desiderate (v)

A fascinating number of words etymologically relate back to “star” in one way or another, and “desiderate” is one of them.  It means “to wish or long for,” though I’d be careful to use it only in the most romantic, plangent tones.

Etymology: Latin – de sidera. “from the stars,” something along the lines of “await what the stars will bring.”

It is am emphatic form of the word “desire” which comes from exactly the same root.  It is closely related to a very common word, a word we all know, but is even more interesting when one considers the etymology of consider.

late 14c., from Old French considerer (13c.) “reflect on, consider, study,” from Latin considerare “to look at closely, observe,” perhaps literally “to observe the stars,” from com- “with” (see com-) + sidus (genitive sideris) “constellation” (see sidereal). Perhaps a metaphor from navigation, but more likely reflecting Roman obsession with divination by astrology. Tucker doubts the connection with sidus, however, because it is “quite inapplicable to desiderare,” and suggests derivation instead from the PIE root of English side meaning “stretch, extend,” and a sense for the full word of “survey on all sides” or “dwell long upon.” Related: Considered; considering.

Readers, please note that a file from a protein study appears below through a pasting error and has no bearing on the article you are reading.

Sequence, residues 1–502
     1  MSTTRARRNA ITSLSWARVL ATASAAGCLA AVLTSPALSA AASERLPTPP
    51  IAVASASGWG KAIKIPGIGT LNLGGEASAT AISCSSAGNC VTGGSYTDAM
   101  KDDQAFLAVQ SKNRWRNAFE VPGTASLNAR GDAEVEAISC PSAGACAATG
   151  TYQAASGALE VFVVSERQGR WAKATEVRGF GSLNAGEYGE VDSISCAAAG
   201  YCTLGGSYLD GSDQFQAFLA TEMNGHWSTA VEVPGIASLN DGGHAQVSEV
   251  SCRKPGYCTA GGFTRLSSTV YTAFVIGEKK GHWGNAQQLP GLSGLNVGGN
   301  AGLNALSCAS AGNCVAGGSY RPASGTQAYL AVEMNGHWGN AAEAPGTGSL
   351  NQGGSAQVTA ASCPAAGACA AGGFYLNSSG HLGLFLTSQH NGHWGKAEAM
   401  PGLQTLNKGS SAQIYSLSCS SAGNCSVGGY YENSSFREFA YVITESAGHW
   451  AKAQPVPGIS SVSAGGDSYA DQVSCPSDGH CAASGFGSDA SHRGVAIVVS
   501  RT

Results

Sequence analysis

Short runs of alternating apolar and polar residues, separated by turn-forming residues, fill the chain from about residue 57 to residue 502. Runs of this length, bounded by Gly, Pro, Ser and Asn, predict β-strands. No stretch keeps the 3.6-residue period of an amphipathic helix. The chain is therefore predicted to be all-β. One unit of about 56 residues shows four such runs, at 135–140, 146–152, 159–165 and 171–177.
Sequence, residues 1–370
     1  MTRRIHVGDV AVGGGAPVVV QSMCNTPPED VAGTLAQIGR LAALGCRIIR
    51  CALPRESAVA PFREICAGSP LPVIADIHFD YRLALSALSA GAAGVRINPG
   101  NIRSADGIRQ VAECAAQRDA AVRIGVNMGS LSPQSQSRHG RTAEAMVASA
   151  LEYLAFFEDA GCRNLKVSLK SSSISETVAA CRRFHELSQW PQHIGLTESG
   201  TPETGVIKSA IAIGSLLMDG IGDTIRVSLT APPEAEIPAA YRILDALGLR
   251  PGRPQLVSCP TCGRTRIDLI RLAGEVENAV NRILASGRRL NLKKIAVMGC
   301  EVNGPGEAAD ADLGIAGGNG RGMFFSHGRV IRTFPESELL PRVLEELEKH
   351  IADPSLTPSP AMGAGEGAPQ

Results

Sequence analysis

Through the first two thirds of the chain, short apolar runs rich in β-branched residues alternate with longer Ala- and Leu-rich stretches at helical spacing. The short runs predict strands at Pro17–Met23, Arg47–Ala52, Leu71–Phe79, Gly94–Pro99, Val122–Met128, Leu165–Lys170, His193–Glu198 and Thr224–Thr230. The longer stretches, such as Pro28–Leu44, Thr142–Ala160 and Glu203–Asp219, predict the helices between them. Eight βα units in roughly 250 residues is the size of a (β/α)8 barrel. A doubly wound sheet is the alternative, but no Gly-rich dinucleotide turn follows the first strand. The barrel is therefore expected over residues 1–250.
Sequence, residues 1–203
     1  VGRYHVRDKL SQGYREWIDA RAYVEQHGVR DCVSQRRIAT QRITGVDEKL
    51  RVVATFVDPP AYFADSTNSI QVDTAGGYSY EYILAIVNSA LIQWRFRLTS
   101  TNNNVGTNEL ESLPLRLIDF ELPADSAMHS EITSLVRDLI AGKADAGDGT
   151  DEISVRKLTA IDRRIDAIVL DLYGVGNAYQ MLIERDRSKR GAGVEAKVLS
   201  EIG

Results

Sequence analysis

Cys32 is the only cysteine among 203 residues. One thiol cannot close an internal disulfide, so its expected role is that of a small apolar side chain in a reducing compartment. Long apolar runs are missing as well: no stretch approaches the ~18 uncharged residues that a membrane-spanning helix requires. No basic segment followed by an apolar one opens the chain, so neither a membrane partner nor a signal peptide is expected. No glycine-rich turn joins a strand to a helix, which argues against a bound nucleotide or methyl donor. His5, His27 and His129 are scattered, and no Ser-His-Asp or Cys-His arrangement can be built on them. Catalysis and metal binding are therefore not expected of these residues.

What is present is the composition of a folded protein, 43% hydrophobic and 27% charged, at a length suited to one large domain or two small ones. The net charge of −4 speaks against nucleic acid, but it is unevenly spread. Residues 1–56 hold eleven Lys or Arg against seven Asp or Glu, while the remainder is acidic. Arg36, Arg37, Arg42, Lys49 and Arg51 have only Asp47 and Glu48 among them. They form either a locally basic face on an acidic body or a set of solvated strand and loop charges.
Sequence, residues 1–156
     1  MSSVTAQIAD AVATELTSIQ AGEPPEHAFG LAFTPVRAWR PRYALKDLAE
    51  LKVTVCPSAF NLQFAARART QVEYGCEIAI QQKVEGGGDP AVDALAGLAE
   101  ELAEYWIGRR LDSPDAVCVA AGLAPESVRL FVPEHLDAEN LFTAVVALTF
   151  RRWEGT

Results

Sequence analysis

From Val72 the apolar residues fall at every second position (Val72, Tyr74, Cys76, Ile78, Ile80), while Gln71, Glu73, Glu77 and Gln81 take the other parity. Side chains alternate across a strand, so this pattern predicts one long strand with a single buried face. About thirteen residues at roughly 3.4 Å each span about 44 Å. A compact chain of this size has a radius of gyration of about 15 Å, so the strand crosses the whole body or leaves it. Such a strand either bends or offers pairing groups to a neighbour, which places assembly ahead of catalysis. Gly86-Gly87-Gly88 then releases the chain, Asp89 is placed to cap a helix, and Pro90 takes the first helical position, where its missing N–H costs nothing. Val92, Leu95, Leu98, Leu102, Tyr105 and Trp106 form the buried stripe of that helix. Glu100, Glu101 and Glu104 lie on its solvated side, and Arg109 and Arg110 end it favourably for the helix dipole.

To think about something, then, for the Romans (and for us) is to hold the stars in our minds.  To desire something is to wait for a star.  Carl Sagan said “we are starstuff” .. “we are a way for the universe to know itself” — The Romans seem to have known this and built it into the very language of thought.  Consciousness, thought, volition, desire are all a matter of stars, starring.

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